I read an article the other day that certainly captured most of it.  Called "7 Things You Don't Know About a Special Needs Parent", it hits the mark on a few points.  Please understand, these are not things that we experience every day, or feel all the time.  But, we will run into all 7 of these things at least once in our lives.  It happens.  I don't begrudge my friends with neurotypical children their pride at their children's accomplishments;  I will admit an occasional pang when listening to a laundry list of some of the more inconvenient aspects of their child's behaviour.  Again, it happens.

Becoming a "Special Needs Mom" can sometimes mean a whole new level of advocacy.   I've joked in the past that this job came with a sword and magic helmet, along with the ass kicking boots that come standard issue with being a "Typical Mom". My thoughts right now are with my friend M who is fighting with an area school board to allow her son admission in the fall.  She has been told that he is "too small", that they do not "encourage sign language", that they "don't have children with Down Syndrome".  It is completely appalling as M lives in the next county, forty minutes up the street from me.  My elder son has had a special needs child in his class both years of kindergarten;  there are many integrated special needs children in his school.  It is not a 'special' school or a trial school, just your average neighbourhood elementary.  It is pathetic that a forty minute drive can mean the difference between acceptance and complete ignorance. 

That is not to say that being a "Special Needs Mom" is any more important than any other type of Mom, because it isn't.  That is one of the pitfalls of this job, to think that this particular journey is any more important or difficult than any other.  I have no idea what it is like to be a "Single Mom" or a "Same Sex Mom", a "Step-Mom", an "Adoptive Mom" or any other title that we can apply to this job.  Despite the content of this blog, it's not my "Special Needs Mom"-ness that defines me any more than my "Twin Mom"-ness or my plain ol' "Mom"-ness.  I'm a Mother, just like the other millions out there.  We all bring our uniqueness to this title, but in the end, we are all the same deep down.  We want what is best for our children. We want a roof over their heads and food in their bellies.  We want them to grow up to be happy, productive adults.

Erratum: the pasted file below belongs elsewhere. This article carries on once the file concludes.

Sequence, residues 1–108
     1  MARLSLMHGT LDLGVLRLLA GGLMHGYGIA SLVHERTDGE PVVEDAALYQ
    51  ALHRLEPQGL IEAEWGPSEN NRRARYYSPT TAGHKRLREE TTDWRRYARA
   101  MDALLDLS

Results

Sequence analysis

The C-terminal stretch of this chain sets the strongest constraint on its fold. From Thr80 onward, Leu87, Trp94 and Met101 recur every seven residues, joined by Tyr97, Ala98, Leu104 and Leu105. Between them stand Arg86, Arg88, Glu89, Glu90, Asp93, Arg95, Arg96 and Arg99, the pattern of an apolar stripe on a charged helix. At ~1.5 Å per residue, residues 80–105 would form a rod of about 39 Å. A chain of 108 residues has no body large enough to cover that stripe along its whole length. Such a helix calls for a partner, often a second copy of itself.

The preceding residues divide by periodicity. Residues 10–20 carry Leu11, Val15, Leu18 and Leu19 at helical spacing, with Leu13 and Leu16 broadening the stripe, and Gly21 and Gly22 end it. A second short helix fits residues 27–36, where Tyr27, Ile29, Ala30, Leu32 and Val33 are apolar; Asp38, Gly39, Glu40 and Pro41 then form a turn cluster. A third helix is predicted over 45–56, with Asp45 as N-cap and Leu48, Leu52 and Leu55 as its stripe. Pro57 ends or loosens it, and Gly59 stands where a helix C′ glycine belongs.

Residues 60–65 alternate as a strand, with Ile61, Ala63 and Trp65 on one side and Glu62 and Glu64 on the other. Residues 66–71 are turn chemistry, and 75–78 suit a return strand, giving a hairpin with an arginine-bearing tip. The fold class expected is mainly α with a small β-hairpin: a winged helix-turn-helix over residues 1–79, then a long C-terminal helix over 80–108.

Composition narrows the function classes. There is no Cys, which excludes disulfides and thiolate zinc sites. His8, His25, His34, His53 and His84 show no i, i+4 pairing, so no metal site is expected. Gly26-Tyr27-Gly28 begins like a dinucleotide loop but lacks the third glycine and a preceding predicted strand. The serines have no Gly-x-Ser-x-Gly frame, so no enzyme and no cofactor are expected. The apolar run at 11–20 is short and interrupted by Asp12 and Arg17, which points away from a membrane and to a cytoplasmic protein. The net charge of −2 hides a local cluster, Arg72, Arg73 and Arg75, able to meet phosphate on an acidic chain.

This Sunday we will enjoy the many flavours of Motherhood.  Whether we biologically or adoptively assumed this role, we all have lots in common.  We forget that sometimes.  We all have our quirks, or specialties and even our weaknesses. We all have discovered strengths that we never thought possible.  "Mother" is the most demanding and most rewarding job I know.  It doesn't matter what prefix you put in front of it.

“Why do people say 'grow some balls'? Balls are weak and sensitive. If you wanna be tough, grow a vagina. Those things can take a pounding.” - Betty White

Friday, May 4, 2012

What a Long, Strange Trip it's Been

The last little while has been a complete blur of appointments and late nights.  Copious amounts of carbs have been consumed (and cheese, most often together).  Much sleep has been lost or interrupted.  Tempers have been a bit short on all accounts, including both of us, the kids and the people that we have had to interact with.  At various points, this past week has seemed to never want to end.

It started the day after the birthday party (Monday, April 23rd).  We had an OT visit where several things were looked at in detail.  One, how well Wyatt's mobility has come along in the last few weeks.  Since the last update, he can make his way across the floor, half dragging, half commando crawling.  We have not seen him sit up (by himself) since the party, however he has come very close several times.  It's probably like the rolling thing;  we won't actually see him doing it for a while.  We'll just look over and assume he just teleported, or in this case, was magically repositioned while we weren't looking.  We are trying to get him to understand what his legs and feet are for (other than additional hands);  we have a variety of sitting/kneeling/bent over positions for him to practice and to get used to putting some weight on his legs.  So far, not much, but we are trying.  Point of interest number two:  how far his eating skills have come in the same amount of time.  We talked about finding a good time for another speech-language assessment before the OT left.  We should have an appointment by our next visit.